allowed to pay the railways! It is precisely as if the Legislature of New York should provide upon what quality of paper, with what size of type, or color of ink "The Popular Science Monthly" should be printed and furnished to its readers, the Legislature meanwhile not assuming any of the expenses or responsibilities of the publication, paying any losses, troubling itself about any of the risks incident thereto, or even inquiring into the facts of its circulation, cost of manufacture, or pay-roll: for that the Mississippi board even made the slightest effort to inquire—or heard any testimony as to—the volume of business, fixed charges, earnings or operating expenses of the companies to whom it dictated disbursements, there never was the slightest idea or claim anywhere. Indeed, it was the very gist of the ruling in some of those wonderful "Granger" cases (so called), that any such items as the above were "too remote"; the railway company must do business under schedules furnished by the shippers in Legislature assembled. Would a single powerless individual on this continent submit to such legislation as that?
It is rather remarkable that, though the Interstate Commerce Commission has existed almost two years at Washington, the only decisions at all affecting the general railway situation should come from Federal judges holding remote circuits, and that both of these should contravene and ignore an extraordinary tribunal created by Congress to specially oversee railways, sitting at the capital itself. The first of these declared that a railroad company might remain upon the earth, even though it was compelled to charge more for a short than for a long haul; while the other enjoins the Iowa Board of Railway Commissioners from dictating the tariffs at which certain trunk lines shall do business within the borders of that State. Of this latter decision let us hope that it will do something to relieve the delicate adjustments of our railway systems from the lash of ward politics and unenlightened demagogy.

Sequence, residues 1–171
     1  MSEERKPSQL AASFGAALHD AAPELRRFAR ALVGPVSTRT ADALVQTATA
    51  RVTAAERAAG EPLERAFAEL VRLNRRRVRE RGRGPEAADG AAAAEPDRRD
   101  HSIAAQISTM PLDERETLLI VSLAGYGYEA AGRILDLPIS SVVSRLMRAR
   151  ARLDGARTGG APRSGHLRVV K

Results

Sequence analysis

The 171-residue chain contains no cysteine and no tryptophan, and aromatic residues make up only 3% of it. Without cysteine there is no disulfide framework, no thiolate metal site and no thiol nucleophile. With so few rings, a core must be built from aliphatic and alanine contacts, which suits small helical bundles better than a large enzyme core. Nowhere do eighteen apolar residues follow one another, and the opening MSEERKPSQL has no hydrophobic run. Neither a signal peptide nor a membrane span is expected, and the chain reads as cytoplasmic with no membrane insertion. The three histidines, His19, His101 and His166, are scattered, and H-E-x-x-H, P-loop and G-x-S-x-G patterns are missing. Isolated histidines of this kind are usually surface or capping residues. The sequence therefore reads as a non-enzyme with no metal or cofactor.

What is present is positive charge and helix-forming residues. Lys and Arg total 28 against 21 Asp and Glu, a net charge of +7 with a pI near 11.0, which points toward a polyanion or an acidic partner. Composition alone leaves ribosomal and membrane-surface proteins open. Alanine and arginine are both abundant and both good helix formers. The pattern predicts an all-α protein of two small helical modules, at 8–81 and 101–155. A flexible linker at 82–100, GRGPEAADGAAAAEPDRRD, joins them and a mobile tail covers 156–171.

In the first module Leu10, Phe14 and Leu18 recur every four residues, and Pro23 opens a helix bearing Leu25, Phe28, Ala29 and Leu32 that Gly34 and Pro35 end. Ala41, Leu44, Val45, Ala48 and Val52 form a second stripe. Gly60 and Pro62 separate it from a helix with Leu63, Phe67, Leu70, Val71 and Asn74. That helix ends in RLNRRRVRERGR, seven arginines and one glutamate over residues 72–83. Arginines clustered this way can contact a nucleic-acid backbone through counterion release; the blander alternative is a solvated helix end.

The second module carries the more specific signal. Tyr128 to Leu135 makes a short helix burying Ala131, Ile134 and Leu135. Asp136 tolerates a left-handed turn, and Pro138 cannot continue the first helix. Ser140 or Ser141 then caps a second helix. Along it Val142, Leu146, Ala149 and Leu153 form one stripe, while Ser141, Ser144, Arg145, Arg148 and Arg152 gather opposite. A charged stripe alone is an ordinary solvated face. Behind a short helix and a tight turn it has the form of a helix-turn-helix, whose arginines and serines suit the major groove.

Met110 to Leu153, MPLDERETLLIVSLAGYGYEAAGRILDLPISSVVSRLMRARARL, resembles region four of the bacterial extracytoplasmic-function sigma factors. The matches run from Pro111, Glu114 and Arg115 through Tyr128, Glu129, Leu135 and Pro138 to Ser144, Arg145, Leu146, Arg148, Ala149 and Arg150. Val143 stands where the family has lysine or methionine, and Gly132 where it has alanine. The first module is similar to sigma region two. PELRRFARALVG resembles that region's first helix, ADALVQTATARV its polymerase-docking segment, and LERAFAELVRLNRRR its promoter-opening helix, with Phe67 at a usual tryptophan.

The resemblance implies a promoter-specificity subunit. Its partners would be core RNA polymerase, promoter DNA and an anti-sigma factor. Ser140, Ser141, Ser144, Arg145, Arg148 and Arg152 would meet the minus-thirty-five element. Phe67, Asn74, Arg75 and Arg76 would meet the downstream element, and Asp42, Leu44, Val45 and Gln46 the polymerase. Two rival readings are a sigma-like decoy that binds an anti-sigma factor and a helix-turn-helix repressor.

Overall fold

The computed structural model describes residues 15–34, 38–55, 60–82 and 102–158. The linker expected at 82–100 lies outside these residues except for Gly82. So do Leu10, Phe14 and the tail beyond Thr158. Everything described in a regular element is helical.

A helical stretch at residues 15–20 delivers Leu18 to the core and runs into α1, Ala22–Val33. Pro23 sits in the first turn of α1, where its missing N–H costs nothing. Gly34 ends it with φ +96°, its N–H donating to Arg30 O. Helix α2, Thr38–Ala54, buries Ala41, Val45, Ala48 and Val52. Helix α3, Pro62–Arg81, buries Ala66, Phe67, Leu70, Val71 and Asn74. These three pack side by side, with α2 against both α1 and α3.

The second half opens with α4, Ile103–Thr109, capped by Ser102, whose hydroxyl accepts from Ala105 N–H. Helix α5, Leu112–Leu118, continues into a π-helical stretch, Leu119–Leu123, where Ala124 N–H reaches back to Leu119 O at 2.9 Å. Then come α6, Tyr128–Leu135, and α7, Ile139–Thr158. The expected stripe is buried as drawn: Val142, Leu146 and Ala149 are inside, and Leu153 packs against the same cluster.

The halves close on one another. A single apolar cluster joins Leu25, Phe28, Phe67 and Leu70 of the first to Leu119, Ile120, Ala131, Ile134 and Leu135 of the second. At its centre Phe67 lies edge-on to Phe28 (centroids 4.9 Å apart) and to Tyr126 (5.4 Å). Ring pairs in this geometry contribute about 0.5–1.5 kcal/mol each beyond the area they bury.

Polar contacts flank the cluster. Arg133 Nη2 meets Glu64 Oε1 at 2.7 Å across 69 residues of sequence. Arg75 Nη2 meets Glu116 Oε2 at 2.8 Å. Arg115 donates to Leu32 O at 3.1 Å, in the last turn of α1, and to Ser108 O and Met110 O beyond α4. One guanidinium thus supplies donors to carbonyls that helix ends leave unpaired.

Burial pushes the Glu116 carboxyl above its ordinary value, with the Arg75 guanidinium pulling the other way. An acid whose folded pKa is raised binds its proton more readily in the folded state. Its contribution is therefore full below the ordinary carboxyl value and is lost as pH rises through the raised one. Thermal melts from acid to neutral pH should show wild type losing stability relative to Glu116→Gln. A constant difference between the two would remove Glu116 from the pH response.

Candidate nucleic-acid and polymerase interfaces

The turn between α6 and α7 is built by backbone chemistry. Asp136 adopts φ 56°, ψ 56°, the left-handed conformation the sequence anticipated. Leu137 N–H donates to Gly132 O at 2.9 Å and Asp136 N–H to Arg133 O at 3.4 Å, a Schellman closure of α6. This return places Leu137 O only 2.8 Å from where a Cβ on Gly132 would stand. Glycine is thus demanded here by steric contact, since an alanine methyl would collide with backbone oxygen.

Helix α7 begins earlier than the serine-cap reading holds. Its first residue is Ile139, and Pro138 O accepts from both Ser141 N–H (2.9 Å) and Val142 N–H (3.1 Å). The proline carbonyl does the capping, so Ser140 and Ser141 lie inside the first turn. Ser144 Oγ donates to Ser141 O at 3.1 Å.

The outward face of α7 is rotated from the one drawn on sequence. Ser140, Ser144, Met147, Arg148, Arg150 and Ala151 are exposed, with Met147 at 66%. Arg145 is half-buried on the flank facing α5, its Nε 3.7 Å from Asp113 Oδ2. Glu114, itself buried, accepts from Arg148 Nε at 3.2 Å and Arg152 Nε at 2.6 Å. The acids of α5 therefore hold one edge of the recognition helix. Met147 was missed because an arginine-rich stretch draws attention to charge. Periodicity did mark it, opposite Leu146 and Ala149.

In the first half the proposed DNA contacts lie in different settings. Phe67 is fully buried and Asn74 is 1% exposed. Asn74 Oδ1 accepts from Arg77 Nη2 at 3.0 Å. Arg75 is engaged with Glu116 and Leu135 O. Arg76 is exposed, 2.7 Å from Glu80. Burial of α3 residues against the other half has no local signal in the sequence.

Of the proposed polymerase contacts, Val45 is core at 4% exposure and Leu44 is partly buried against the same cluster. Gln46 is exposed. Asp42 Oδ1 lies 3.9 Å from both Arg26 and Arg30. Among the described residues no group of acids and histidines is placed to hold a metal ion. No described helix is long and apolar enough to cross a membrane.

Of all the popular fallacies ever discussed, it seems to me that the one which invokes popular prejudice against railway companies has the least actual basis of merit to stand upon. As a positive fact, the railway is not only chartered by the people, but can only be operated for the people's convenience. In "The Popular Science Monthly" for May, 1888, I had occasion to allude to a certain voluminous denunciation of incorporated industries as rehabilitating the effete institution of feudalism, which appeared to be principally based upon the supposition that feudalism and despotism were convertible terms. As a matter of fact, feudalism was not by any manner of means a despotism per se, even though
- Deady, J., United States Circuit Court for Oregon.
- Brewer, J., central division of Southern District of Iowa.